Tyrosine nitration is a covalent posttranslational protein modification that has been detected under several pathological conditions. This study reports that nitrated proteins are degraded by chymotrypsin and that protein nitration enhances susceptibility to degradation by the proteasome. Chymotrypsin cleaved the peptide bond between nitrated-tyrosine 108 and serine 109 in bovine Cu,Zn superoxide dismutase. However, the rate of chymotryptic cleavage of nitrated peptides was considerably slower than control. In contrast, nitrated bovine Cu,Zn superoxide dismutase was degraded at a rate 1. 8-fold faster than that of control by a gradient-purified 20S/26S proteasome fraction from bovine retina. Exposure of PC12 cells to a nitrating agent resulted in the nitration of tyrosine hydroxylase and a 58 +/- 12.5% decline in the steady-state levels of the protein 4 h after nitration. The steady-state levels of tyrosine hydroxylase were restored by selective inhibition of the proteasome activity with lactacystin. These data indicate that nitration of tyrosine residue(s) in proteins is sufficient to induce an accelerated degradation of the modified proteins by the proteasome and that the proteasome may be critical for the removal of nitrated proteins in vivo.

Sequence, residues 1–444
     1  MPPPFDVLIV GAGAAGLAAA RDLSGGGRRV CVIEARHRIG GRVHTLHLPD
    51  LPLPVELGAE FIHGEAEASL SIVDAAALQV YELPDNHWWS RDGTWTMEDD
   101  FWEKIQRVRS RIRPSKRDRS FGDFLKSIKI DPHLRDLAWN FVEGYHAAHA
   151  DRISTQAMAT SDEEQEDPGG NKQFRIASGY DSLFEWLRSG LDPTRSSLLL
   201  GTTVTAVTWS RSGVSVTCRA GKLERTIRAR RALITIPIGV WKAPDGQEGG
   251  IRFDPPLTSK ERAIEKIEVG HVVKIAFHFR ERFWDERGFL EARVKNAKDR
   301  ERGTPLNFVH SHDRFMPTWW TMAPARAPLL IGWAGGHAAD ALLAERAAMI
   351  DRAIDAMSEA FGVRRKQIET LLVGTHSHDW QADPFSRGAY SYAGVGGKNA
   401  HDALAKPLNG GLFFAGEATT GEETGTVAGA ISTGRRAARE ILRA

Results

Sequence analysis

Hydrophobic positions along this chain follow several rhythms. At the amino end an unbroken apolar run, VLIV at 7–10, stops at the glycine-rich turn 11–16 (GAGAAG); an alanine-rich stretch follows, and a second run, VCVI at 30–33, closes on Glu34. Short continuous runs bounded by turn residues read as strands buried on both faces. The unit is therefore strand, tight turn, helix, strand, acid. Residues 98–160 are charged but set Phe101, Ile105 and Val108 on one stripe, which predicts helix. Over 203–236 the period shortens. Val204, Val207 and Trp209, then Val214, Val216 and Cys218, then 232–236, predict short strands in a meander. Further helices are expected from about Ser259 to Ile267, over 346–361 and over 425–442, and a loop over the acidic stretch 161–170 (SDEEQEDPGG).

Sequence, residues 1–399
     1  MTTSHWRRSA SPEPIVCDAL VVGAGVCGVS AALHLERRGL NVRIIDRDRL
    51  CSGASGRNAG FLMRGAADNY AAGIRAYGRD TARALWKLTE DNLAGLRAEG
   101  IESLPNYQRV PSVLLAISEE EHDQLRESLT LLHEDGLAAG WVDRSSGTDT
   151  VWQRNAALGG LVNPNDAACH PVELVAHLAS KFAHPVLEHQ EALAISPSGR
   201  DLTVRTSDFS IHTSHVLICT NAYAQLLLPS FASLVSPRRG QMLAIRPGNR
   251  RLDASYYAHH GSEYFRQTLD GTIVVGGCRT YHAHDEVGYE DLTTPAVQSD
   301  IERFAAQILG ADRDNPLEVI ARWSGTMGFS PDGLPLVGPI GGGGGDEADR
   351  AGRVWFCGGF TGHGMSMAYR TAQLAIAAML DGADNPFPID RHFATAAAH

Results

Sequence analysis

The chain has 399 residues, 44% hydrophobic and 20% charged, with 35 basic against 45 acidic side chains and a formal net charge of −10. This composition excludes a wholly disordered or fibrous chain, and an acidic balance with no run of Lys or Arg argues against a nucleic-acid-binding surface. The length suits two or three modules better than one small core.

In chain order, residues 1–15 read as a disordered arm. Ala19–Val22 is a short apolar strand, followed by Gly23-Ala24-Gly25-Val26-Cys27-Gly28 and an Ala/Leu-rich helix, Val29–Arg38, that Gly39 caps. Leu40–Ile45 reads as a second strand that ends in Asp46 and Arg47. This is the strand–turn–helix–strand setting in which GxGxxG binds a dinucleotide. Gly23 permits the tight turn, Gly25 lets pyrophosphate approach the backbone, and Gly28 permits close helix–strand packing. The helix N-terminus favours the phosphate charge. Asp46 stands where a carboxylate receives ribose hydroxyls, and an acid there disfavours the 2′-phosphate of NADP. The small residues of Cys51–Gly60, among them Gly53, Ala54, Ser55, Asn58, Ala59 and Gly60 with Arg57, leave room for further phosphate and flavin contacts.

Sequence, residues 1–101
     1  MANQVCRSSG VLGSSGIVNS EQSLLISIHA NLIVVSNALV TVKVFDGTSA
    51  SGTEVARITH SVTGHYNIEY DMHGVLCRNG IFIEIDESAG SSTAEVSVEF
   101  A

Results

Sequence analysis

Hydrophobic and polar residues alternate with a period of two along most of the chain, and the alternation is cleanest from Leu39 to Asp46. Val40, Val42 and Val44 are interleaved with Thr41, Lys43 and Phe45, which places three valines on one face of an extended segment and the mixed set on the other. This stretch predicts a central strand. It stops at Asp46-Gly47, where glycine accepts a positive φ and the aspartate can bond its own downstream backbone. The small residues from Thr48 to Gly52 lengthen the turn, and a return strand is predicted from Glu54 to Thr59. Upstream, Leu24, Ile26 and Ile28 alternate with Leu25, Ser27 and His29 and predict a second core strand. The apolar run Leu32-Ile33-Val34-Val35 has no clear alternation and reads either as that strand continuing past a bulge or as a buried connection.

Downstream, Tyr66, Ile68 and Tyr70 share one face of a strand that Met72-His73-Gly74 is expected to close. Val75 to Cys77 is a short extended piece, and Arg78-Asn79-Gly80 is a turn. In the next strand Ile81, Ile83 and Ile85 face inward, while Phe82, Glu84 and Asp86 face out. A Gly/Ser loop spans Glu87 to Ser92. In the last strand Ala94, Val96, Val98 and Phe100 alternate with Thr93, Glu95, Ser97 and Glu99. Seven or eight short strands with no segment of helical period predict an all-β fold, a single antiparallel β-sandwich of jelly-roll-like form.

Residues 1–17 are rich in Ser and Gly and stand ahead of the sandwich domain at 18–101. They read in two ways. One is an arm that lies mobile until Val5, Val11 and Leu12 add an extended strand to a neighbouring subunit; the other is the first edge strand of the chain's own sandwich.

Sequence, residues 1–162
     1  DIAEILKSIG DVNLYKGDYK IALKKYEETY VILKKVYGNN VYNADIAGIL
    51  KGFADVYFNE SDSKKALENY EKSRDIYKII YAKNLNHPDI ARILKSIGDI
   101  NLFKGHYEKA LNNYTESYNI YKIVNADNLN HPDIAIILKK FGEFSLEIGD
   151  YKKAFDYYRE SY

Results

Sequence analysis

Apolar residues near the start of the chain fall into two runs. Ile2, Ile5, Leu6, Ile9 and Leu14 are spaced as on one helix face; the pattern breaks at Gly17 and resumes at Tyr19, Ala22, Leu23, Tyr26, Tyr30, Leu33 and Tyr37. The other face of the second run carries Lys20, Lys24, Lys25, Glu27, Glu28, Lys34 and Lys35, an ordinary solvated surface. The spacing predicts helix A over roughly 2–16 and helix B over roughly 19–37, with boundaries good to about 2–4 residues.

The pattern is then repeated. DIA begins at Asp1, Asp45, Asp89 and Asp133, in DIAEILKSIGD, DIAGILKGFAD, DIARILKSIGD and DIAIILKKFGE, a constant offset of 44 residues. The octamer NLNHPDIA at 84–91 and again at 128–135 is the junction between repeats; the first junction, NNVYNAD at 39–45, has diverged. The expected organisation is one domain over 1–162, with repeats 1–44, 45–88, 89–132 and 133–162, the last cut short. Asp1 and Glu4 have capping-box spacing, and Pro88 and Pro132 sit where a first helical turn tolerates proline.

Copyright 2000 Academic Press.